Dropped foreclosures hurt

GAO: Ohio cities, surprised owners left with tab when banks walk away

Columbus Dispatch

Ohio is one of the states hardest hit by the practice of mortgage companies walking away from foreclosures they've already started, leaving homeowners and communities to deal with the blight and costly fallout.

A new federal report found that more than 50 percent of abandoned foreclosures it identified were in Ohio, Michigan and Indiana.

And seven of the 20 metropolitan areas with the highest numbers of abandoned foreclosures were in Ohio - with the Cleveland area ranked at No. 3 after the Detroit and Chicago areas, according to the report by the U.S. Government Accountability Office.

U.S. Sen. Sherrod Brown called for the investigation last year, after a Plain Dealer report on the bank-walkaway issue. Walkaways typically happen when lenders or mortgage servicers foreclose on a house but don't buy it or take it to sheriff's sale to see if someone else will.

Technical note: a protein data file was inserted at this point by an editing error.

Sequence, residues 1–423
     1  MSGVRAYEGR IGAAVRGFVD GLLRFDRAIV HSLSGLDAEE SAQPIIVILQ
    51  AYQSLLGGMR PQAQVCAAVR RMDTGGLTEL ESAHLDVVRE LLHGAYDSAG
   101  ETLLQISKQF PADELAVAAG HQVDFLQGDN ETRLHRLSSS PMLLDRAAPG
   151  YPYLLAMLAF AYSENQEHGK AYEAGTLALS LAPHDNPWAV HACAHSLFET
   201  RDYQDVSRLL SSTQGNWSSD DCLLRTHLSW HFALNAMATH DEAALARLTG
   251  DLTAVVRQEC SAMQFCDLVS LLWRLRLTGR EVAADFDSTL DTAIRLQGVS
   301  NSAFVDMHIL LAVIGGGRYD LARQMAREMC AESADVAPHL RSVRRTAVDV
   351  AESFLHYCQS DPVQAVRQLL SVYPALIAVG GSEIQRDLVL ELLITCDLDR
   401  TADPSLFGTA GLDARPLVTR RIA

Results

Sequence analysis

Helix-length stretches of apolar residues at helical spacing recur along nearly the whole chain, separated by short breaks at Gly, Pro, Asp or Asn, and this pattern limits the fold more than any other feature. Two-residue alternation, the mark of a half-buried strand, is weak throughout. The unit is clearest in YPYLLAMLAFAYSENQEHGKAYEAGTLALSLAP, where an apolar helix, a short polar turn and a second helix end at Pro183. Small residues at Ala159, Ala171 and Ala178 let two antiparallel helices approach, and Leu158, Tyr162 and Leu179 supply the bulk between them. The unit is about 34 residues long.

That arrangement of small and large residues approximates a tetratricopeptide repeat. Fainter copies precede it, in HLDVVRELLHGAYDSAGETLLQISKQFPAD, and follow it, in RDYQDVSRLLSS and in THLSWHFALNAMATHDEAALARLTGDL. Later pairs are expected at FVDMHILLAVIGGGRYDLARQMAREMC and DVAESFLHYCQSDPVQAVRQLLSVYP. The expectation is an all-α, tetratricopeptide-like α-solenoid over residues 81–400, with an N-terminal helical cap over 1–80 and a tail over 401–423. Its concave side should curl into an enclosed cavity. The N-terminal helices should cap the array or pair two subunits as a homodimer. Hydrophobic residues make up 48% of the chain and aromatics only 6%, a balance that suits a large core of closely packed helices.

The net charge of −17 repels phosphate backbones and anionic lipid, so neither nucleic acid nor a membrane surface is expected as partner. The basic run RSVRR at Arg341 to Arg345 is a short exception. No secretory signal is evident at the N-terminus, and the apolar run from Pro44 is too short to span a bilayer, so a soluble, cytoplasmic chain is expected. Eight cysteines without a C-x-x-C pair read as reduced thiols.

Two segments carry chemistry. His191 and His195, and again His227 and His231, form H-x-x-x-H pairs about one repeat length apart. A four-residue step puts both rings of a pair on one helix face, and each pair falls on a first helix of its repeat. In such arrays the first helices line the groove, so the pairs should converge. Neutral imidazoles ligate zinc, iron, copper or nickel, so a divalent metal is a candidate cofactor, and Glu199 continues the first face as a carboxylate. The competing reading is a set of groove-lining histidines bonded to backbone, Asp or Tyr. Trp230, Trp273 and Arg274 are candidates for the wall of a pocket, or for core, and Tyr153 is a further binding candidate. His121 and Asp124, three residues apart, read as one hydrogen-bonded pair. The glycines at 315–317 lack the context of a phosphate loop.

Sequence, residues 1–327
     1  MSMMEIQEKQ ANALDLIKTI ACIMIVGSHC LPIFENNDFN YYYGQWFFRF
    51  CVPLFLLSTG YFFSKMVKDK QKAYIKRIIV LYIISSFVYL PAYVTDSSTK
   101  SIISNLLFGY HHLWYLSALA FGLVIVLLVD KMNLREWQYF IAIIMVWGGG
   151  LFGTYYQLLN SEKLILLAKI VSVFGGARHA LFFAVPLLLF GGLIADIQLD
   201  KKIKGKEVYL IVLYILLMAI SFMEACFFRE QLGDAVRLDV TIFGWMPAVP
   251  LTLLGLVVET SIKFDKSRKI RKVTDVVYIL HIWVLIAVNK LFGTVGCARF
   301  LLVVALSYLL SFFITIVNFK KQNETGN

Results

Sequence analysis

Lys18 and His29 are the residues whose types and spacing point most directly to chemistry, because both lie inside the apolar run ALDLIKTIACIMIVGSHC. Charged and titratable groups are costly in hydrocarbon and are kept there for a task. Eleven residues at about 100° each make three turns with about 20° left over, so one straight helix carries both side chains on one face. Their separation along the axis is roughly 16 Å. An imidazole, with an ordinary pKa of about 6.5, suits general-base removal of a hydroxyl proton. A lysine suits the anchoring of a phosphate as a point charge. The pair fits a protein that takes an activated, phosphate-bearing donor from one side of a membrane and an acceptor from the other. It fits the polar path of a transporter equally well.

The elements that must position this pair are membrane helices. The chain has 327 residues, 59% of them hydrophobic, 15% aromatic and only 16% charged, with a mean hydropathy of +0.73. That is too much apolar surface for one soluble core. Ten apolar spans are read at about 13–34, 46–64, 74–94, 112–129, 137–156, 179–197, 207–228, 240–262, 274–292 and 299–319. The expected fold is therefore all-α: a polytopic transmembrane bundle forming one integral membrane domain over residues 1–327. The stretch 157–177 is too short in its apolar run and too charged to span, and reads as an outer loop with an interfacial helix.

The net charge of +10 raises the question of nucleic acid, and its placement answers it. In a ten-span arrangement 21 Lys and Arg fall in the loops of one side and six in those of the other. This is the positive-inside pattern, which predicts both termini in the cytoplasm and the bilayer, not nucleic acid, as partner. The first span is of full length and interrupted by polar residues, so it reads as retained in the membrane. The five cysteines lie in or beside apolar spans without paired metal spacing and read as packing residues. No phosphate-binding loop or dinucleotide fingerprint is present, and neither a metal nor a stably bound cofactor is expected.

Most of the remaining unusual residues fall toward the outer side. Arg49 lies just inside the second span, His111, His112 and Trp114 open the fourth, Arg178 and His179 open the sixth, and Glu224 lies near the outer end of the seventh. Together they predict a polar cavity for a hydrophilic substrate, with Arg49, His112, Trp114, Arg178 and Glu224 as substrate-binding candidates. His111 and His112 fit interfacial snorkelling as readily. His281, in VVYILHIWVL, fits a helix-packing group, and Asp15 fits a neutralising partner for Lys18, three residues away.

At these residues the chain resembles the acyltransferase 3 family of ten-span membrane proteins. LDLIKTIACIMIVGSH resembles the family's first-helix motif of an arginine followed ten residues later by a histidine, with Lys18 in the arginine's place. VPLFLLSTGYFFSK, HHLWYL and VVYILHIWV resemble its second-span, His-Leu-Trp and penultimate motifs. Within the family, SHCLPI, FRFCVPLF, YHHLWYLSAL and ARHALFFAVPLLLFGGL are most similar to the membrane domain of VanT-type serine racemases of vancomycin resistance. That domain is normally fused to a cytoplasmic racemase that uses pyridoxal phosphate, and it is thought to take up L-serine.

The properties can become vacant, dangerous and corrosive eyesores that depress values of nearby homes, increase costs for local governments, and decrease property tax revenues.

Meanwhile, homeowners who thought they lost their houses might be surprised to later learn that the property remains in their names and they're on the hook for taxes and possible code violations.

"When banks abandon foreclosed properties, everybody pays the price," Brown said in a statement Monday. "Today's GAO report sheds new light on troubling practices by lenders who abandon properties. Too many servicers are foreclosing first and asking questions later - often foreclosing without evaluating local neighborhood conditions and economic impacts."

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